There’s no booklet, so it’s not clear exactly what Gandelsman means in the promo blurb quote: “In the violin pieces, I tried to follow the manuscript as much as I could. The cello suites feel different. What I see is an implication for infinite possibilities, the way an incredible improviser can find endless variation within the simplest form.” Cellos are tuned an octave and a fifth lower than violins – CGDA as opposed to GDAE – and with the exception of the Suite No.6 in D Major the suites here are transposed to the corresponding violin string, e.g. from G major to D major, or from D minor to A minor. Other than that, it’s difficult to discern any major changes without the benefit of a score.

Certainly Gandelsman brings the same effortless control and musicianship to these suites as he did to the Sonatas & Partitas, and once you get used to the much higher register and resulting lack of tonal depth it’s a truly engrossing and enlightening journey.

10 Healing ModesGandelsman is also the first violinist in the string quartet Brooklyn Rider, whose new 2CD set Healing Modes pairs Beethoven’s String Quartet No.15 in A Minor Op.132 with five short works written for the performers in an exploration of the power of music to heal body, mind and spirit (In A Circle Records IRC014 brooklynrider.com).

The lengthy central Adagio molto – Andante of Beethoven’s quartet reflected a period when he was recovering from a serious intestinal infection, and the new works address topics ranging from personal illness through mental health to current social issues. Compositions by Matana Roberts, Reena Esmail, Gabriela Lena Frank, Du Yun and Caroline Shaw are placed around and between the first three of the five Beethoven movements, which tends to weaken the impact of the latter without notably adding to that of the new works. 

How successful you feel this is will probably depend to a large extent on how comfortable you are with contemporary string works and their juxtaposition with traditional, albeit forward-looking masterpieces.

11 Great VIolins 3 StradivariViolinist Peter Sheppard Skærved continues his fascinating series The Great Violins with the 2CD Volume 3: Antonio Stradivari, 1685 – The Klagenfurt Manuscript (athene ath23206 naxosdirect.com).

The manuscript, which also dates from the mid-1680s was found in a Carinthian convent, and Skærved offers the opinion that the anonymous composer was probably one of the nuns or lay sisters. All 96 movements for solo violin are recorded here, the overwhelming majority of them only between one and two minutes in length. An astonishing 51 involve any one of six scordaturas – retuning of the strings – although it’s difficult to identify the resulting “striking changes in colour and timbre” that Skærved references in his extensive and extraordinarily detailed booklet essay that explores every possible aspect of the challenges and possibilities that he encountered in the project.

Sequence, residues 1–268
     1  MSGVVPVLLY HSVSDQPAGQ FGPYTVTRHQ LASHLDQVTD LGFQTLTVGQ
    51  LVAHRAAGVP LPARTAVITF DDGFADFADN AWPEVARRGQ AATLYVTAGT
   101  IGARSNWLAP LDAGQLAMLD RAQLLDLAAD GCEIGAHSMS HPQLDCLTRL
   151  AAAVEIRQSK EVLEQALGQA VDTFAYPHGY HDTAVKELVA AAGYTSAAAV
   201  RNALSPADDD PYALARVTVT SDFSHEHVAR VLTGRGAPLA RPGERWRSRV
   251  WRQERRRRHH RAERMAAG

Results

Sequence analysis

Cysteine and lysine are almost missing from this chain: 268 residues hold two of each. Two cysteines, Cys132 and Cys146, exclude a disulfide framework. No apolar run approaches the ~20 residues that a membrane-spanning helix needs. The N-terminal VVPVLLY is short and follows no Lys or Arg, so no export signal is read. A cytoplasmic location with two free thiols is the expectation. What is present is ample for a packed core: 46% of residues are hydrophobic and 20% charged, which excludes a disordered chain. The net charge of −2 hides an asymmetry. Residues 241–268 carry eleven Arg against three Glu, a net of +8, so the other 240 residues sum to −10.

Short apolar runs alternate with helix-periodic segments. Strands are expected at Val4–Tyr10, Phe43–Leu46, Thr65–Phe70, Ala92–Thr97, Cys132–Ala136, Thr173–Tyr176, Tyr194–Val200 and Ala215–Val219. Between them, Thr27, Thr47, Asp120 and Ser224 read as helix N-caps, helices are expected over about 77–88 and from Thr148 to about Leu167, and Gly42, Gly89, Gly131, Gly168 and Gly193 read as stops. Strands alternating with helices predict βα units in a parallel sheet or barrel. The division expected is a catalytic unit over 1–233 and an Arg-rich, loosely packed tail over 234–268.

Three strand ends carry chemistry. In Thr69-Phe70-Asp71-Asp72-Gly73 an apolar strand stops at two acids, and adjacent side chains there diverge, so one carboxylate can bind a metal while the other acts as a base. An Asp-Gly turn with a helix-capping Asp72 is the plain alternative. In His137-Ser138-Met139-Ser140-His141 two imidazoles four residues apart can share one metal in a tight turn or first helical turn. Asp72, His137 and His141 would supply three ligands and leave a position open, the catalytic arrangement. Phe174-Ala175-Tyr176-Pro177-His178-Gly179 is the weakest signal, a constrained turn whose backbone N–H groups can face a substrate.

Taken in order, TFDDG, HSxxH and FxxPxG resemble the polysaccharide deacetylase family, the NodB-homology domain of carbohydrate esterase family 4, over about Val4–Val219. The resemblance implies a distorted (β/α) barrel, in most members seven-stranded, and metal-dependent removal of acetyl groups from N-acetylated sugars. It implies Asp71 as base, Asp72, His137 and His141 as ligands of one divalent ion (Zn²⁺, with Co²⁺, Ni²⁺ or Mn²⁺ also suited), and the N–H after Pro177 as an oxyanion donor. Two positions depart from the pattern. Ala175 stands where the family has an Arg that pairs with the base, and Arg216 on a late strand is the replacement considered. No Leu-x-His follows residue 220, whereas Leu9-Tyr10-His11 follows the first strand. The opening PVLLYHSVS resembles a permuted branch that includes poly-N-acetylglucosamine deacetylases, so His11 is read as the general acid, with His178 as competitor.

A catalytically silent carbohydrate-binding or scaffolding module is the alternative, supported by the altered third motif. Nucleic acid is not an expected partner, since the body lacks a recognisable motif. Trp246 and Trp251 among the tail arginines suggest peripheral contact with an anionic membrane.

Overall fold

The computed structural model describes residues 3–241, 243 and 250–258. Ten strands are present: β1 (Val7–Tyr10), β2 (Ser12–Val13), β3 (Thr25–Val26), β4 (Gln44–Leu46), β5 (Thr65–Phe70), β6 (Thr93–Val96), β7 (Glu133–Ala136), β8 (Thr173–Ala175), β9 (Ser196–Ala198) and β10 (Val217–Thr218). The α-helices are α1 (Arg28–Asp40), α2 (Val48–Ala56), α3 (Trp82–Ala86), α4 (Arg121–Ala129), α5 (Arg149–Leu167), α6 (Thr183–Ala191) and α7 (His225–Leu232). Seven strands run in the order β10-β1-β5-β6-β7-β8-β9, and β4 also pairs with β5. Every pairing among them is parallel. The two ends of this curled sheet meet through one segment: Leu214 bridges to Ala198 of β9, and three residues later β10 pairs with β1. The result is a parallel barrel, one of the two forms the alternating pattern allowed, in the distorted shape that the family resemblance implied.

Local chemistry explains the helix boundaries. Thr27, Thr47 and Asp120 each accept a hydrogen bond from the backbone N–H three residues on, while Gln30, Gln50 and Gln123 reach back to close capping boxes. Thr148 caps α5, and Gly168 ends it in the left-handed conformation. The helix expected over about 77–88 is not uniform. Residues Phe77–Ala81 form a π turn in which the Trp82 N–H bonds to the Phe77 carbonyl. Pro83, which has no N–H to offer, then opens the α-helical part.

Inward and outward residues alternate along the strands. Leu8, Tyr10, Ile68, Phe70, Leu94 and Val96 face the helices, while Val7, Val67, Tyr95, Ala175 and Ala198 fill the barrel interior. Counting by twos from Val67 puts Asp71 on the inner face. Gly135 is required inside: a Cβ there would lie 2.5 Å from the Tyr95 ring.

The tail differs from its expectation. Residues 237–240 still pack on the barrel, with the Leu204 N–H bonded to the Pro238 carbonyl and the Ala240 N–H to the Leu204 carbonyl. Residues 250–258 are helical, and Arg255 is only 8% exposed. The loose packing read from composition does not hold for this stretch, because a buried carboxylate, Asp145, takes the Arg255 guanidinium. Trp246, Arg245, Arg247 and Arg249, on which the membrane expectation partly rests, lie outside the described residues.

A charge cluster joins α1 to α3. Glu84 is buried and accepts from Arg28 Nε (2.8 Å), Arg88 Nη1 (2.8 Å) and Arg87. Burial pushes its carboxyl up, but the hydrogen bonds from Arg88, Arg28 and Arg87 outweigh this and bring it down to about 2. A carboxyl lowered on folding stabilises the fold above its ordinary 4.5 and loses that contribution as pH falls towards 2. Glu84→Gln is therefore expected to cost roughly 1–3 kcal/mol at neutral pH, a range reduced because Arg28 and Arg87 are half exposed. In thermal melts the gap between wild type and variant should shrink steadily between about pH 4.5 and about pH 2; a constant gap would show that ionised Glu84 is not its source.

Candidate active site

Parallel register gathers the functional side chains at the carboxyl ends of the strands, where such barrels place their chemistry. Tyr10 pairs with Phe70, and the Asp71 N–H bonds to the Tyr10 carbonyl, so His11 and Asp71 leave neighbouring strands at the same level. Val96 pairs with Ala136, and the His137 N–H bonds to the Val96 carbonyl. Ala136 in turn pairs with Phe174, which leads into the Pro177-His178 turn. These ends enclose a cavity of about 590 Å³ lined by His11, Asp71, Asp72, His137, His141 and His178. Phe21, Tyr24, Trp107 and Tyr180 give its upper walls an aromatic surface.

It’s a record of a quite remarkable personal journey of discovery, and while not a set for the casual listener, it’s an absolute mine of information for anyone interested in the violin music of the period. 

01 Beethoven GoodyearBeethoven – The Complete Piano Concertos
Stewart Goodyear; BBC National Orchestra of Wales; Andrew Constantine
Orchid Classics ORC100127 (naxosdirect.com)

Fond of storytelling, the dauntless Stewart Goodyear has long been associated with Ludwig van Beethoven, preferring a cyclic approach to the composer’s catalogue. Dubbed “The New Testament” of keyboard literature, Beethoven’s 32 sonatas have frequently been performed by Goodyear in a single day; he has also recorded the full cycle. 

Now, a recent release from Orchid Classics features yet another testament: the five piano concertos, spanning three full discs, in chronological order. In the opening essay of the liner notes, Goodyear recounts his first meeting with the concerti, at age nine: “…great theatre, great drama, great virtuosity, and most importantly, great merriment. I felt like I was hearing Beethoven the entertainer, the actor, the storyteller, the playwright.”